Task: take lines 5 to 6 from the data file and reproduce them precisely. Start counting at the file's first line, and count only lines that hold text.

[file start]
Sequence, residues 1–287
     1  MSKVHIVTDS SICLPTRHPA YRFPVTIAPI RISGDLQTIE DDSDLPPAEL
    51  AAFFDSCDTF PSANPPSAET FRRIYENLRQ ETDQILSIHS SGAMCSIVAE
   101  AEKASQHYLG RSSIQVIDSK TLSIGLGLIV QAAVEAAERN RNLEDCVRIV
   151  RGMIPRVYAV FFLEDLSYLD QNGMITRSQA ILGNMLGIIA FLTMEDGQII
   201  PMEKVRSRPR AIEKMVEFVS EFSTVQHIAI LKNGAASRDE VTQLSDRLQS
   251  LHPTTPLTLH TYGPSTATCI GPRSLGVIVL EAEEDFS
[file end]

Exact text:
   151  RGMIPRVYAV FFLEDLSYLD QNGMITRSQA ILGNMLGIIA FLTMEDGQII
   201  PMEKVRSRPR AIEKMVEFVS EFSTVQHIAI LKNGAASRDE VTQLSDRLQS